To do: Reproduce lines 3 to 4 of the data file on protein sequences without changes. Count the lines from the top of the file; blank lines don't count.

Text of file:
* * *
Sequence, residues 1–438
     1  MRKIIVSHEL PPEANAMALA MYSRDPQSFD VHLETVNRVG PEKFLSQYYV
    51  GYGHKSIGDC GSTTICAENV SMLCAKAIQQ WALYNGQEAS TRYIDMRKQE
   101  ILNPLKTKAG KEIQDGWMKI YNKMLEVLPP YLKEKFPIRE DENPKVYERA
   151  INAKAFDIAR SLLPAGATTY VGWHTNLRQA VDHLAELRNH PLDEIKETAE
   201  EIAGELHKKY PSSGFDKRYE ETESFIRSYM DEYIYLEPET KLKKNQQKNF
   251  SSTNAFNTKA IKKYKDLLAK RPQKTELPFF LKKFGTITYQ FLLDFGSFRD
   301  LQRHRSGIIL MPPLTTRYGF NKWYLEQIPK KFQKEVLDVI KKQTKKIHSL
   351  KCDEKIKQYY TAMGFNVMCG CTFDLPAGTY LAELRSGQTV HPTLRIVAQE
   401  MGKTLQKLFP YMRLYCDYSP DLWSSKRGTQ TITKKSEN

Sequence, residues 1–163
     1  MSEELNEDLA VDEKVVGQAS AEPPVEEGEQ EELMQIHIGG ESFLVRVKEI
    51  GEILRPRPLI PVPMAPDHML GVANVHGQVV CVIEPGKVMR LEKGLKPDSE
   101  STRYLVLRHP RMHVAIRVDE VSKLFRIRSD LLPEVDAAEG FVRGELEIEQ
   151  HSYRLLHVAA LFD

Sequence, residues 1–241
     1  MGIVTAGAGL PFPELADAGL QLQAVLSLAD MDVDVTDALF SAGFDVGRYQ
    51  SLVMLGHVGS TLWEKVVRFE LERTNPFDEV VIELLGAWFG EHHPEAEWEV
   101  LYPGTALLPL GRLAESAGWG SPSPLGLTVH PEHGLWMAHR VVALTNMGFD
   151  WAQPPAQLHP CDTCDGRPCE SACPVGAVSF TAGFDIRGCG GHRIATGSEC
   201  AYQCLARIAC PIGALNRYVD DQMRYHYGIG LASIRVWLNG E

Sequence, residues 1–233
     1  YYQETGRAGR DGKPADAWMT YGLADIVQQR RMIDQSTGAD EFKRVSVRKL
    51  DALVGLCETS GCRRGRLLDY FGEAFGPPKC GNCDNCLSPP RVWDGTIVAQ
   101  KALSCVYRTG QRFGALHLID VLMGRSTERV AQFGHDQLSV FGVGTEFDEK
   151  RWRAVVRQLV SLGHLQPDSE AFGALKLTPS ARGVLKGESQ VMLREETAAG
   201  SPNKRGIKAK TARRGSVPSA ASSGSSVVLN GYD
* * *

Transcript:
    51  GYGHKSIGDC GSTTICAENV SMLCAKAIQQ WALYNGQEAS TRYIDMRKQE
   101  ILNPLKTKAG KEIQDGWMKI YNKMLEVLPP YLKEKFPIRE DENPKVYERA